Green roofs and green walls provide a variety of services for the residents. In contrast to "grey" infrastructure, "green" infrastructure has values that go beyond its primary function. Besides cooling the environment through evapotranspiration, green roofs and green walls increase biodiversity and contribute to the physical and psychological health and well-being of the residents. Because of these multiple benefits and various positive effects of urban green infrastructure, green roofs and green façades are an efficient and effective adaptation measure to climate change and a powerful way to ensure the high living quality in subsidised housing.
Properly constructed roof and façade greenings are a cost-efficient measure to adapt to climate change. They prevent "mismatches" like using the car to travel to cooler places or purchasing air conditioning systems. Heat protection or rainwater management measures which at first glance may seem cost-intensive are actually reducing future costs. Taking no actions today means higher costs for adaptation measures in the future. Future-oriented planning means solving the conflict between cheap investments and climate-resilient solutions. That can only succeed if life cycle costs and additional hidden costs for residents (air conditioning, energy consumption) are taken into account.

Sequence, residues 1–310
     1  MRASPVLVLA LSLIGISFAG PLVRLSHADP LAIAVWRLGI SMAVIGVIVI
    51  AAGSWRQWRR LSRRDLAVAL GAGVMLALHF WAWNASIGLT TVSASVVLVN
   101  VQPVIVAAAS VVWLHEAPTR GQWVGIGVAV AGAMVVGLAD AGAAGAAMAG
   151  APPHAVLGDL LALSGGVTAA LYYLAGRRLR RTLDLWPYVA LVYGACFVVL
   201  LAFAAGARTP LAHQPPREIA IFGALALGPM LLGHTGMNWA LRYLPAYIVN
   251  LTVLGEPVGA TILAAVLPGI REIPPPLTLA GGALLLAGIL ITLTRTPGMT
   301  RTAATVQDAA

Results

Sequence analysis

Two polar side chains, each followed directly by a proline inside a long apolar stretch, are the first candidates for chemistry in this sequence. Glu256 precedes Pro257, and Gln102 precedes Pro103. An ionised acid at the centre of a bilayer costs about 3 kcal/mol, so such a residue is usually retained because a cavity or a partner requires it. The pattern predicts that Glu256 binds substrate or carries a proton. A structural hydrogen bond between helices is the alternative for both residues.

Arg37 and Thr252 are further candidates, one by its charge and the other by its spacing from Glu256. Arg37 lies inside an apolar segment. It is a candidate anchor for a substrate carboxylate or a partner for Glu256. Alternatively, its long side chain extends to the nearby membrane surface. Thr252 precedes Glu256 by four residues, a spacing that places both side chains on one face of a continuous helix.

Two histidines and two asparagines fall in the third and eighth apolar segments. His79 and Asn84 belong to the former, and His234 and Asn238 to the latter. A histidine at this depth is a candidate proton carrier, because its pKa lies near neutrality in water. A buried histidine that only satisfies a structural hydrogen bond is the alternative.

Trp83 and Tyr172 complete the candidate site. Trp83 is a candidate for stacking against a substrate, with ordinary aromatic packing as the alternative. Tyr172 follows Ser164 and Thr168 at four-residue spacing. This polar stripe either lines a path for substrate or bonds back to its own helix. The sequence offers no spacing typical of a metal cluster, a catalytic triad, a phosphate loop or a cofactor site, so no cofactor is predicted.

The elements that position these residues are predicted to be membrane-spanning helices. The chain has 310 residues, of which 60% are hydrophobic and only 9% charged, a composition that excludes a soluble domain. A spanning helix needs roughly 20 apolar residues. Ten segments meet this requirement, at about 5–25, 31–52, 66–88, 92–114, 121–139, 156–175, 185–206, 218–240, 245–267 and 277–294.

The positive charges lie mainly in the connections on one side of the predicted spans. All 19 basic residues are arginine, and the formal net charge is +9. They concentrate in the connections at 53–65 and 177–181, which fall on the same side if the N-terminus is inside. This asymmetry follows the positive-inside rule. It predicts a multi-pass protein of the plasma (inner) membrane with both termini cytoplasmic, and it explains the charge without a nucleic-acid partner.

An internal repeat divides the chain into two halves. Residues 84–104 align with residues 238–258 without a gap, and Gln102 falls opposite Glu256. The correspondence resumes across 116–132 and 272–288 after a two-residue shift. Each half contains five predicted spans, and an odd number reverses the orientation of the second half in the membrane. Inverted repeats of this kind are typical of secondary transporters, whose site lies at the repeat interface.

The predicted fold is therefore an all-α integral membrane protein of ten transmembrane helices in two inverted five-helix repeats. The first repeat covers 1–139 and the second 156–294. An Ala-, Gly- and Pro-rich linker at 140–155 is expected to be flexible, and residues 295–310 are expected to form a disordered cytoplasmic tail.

The necessity of climate change adaptation as well as the challenge of increasing loss of green space as a consequence of the city's growth and its densification once again offers Vienna the opportunity to further expand its internationally recognised pioneer position in the subsidised housing sector. The City of Vienna can use its role model and expertise in climate-resilient and green-oriented urban development to improve the acceptance of green roofs and green walls within the population and to position itself towards other cities worldwide.